Rasmussen Polls released a new poll on June 15th for the U.S. Senate race in South Carolina. The major party nominees are Jim Demint, the Republican incumbent, and Alvin Greene, the Democrat and political newcomer. Greene has attracted negative media [read more]
Kathie Glass was just nominated last weekend by the Libertarian Party to run for Governor of Texas. Glass beat out fellow Libertarian and candidate Jeff Daiell. The Texas Tribune published an article on Sunday about Glass’ victory and her attempt to win [read more]
A new poll from Public Policy Polling on the Illinois Senatorial contest has been released. The poll chose to include the Democratic, Republican, and Green nominees, but not other nominees who will likely qualify for the ballot. The Green Party nominee, [read more]
The Libertarian Party of Texas held its state convention last weekend to nominate candidates, revise the platform, and hear speakers.
Joining state Republicans and Democrats in the spotlight this weekend, Texas Libertarians gathered Saturday in Austin to announce their own bold aspirations.
Libertarian delegates selected Kathie Glass , a 56-year-old attorney from Houston, to run against Republican Gov. Rick Perry and Democratic nominee Bill White for the governor’s seat in November.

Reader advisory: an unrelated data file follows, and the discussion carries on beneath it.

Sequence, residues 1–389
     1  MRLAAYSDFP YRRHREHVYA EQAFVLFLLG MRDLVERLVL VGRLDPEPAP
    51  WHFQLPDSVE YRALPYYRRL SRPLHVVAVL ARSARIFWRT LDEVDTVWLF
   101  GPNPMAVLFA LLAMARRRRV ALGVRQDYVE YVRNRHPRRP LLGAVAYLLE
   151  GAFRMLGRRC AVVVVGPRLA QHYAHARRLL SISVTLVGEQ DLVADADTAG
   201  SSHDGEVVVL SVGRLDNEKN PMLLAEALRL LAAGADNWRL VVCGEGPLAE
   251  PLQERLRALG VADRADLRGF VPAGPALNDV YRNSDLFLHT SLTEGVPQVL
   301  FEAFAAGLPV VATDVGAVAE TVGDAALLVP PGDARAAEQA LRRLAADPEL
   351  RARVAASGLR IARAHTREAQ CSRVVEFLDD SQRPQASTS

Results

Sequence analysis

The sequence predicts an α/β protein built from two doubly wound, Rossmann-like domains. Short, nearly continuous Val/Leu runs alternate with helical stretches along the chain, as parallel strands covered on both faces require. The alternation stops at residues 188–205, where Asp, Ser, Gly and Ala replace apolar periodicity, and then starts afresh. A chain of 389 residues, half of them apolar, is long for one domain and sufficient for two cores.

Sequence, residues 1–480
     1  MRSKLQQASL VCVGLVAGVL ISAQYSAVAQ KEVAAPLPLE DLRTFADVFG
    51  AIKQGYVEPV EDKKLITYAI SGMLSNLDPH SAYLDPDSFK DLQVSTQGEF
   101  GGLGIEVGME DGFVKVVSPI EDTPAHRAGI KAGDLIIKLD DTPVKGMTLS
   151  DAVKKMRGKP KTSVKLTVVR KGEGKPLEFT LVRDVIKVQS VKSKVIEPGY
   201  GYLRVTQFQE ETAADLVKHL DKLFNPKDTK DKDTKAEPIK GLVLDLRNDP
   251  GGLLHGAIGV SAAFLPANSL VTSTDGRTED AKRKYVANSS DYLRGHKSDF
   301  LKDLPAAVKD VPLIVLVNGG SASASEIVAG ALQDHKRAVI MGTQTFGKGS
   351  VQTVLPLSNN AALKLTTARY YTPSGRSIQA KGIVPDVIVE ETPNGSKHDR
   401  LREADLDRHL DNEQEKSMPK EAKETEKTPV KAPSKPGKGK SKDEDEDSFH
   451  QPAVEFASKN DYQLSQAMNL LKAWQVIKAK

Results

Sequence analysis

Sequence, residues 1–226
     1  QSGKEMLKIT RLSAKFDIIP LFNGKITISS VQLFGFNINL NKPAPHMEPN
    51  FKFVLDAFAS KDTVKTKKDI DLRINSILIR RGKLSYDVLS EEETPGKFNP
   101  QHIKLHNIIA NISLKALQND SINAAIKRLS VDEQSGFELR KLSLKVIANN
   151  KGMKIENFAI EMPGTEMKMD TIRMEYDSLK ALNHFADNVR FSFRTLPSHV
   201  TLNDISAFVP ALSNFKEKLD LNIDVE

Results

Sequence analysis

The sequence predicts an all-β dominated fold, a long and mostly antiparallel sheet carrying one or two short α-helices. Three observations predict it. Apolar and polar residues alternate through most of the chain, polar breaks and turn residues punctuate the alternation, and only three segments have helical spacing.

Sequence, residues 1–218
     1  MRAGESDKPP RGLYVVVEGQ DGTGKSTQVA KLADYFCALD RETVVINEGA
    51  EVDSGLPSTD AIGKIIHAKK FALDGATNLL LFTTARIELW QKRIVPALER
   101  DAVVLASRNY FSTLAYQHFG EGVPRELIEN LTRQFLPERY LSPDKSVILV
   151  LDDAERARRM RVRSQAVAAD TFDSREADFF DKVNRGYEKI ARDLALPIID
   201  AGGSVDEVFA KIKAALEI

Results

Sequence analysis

“In a three-way race, more than 33 percent takes it. We can do this,” Glass told attendees. “A chance like this does not come around very often and may not come around again in our lifetimes.”
Glass beat her opponent, 58-year-old businessman Jeff Daiell , also of Houston, with 73 percent of the vote. Five candidates had applied for the nomination; two of them withdrew and one failed to show at the convention.
Glass promised the “most high-profile, most vigorous” campaign that a Libertarian has ever run in Texas.
About 200 people attended the convention, held at the Holiday Inn Austin Midtown , said Robert Butler, executive director of the Libertarian Party of Texas.
Candidates handed out pocket-size copies of the Constitution and the Declaration of Independence as vendors sold bumper stickers proclaiming, “OK, joke’s over. Bring back the Constitution” and “The Federal Reserve: Looting the U.S. Since 1913.”
The Libertarian Party of Texas, which brands itself as fiscally conservative and socially tolerant, has met with limited success by advocating smaller government, greater fiscal responsibility and more personal liberties.
Nine Texas Libertarians hold elected office — all on the local level. But because a Libertarian candidate secured more than 5 percent of the vote in a statewide election in November 2008, the 160 Libertarian candidates running for office this year will automatically be included on the November ballot.
Humorist and country musician Kinky Friedman delivered a keynote address Saturday, arriving at the convention chewing on a cigar and sporting his signature studded cowboy hat. In the past, Friedman has run for public office as both a Democrat and a Republican, and campaigned as the independent candidate for governor in 2006. This year, he unsuccessfully sought the Democratic nomination for agriculture commissioner shortly after he dropped his bid for the Democratic nomination for governor.